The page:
Under Kimsey's guidance at the Pathé Marconi studio – Paris's Abbey Road – they produced the album Some Girls. Among the candidates for what many see as their last great hurrah was an idea they had sketched out in 1975. Then, it had got no further than a typical Keith Richards' ad-libbed riff on a reggae pulse. On the same December day in 1977 (one of the most profitable in their career) they laid the rhythm for "Miss You", the lead single from Some Girls, then returned to Richards' guitar slab, tentatively titled "Start It Up".
"It came together very quickly," recalled Mick Jagger. "Start It Up" was beginning to sound like a goer after all. But when Richards listened to the playback, it sounded like something he'd heard on the radio – possibly Jay Ferguson's "Thunder Island", whose same stop-start riff was on the Billboard charts. Kimsey was instructed to "bin that". Luckily, he didn't wipe the tape. The Stones took another stab at it during 1979 sessions for Emotional Rescue, but again it bit the dust. Two years on Kimsey suggested to Jagger and Richards there were enough decent but incomplete recordings for an album of "new" material. "I know of several songs you've forgotten about," he told them, dusting off the tape of "Start It Up".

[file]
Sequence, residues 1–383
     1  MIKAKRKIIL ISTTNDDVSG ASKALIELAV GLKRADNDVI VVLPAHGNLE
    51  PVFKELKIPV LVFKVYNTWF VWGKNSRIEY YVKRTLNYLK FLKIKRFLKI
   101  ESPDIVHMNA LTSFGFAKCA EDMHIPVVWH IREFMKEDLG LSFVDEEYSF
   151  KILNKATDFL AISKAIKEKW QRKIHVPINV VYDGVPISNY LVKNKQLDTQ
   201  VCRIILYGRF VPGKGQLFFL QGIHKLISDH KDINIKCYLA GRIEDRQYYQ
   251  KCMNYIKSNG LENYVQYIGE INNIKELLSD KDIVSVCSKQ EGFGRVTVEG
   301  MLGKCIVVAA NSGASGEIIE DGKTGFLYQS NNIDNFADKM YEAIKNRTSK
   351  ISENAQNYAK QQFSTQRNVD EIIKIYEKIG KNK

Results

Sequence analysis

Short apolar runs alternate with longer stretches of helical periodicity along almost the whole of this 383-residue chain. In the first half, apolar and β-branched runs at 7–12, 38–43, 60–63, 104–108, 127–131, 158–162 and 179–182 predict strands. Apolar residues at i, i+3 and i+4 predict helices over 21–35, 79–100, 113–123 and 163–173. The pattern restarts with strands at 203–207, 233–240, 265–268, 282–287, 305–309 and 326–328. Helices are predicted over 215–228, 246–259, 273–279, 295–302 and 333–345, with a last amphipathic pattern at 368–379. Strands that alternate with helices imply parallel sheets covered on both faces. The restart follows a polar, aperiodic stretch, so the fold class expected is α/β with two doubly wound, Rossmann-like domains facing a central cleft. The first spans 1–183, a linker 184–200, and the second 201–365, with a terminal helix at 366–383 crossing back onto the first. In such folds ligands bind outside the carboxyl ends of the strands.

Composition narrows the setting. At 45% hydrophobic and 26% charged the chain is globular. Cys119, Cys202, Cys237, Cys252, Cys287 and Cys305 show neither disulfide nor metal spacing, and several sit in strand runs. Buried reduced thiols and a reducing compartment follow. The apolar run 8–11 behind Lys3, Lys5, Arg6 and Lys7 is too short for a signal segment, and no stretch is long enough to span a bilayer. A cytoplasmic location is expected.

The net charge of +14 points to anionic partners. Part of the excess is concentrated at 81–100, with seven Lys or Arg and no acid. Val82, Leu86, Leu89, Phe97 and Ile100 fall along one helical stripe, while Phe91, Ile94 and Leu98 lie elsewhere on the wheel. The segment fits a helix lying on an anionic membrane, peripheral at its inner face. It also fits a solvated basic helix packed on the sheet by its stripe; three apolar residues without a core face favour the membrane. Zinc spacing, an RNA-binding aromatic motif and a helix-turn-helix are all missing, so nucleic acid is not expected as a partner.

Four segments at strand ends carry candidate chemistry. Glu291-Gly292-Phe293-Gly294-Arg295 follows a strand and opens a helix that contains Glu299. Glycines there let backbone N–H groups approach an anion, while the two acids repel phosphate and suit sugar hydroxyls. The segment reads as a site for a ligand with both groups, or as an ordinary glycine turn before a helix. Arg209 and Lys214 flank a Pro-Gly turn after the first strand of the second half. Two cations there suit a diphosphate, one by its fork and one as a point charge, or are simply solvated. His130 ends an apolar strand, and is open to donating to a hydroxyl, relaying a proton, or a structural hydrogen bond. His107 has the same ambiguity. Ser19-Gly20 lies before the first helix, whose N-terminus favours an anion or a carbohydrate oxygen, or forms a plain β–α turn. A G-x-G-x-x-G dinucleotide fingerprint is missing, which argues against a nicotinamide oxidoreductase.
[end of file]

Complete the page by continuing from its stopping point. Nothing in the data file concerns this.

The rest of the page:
"It was just buried in there," said Jagger. "Nobody remembered cutting it ... it was like a gift." In a Paris studio, Jagger added new lyrics, using as many car metaphors as he could get away with. It was mixed in New York by Bob Clearmountain, whose reverb was achieved in a cloakroom. Jagger howled his vocals and renamed it "Start Me Up". "I never realised how loud he could sing," said Clearmountain. It was the flagship for Tattoo You, the Stones' so-so album of outtakes, and their last Top 10 appearance. It has since become a traditional opener for the Stones' road show.
Join our new commenting forum
Join thought-provoking conversations, follow other Independent readers and see their replies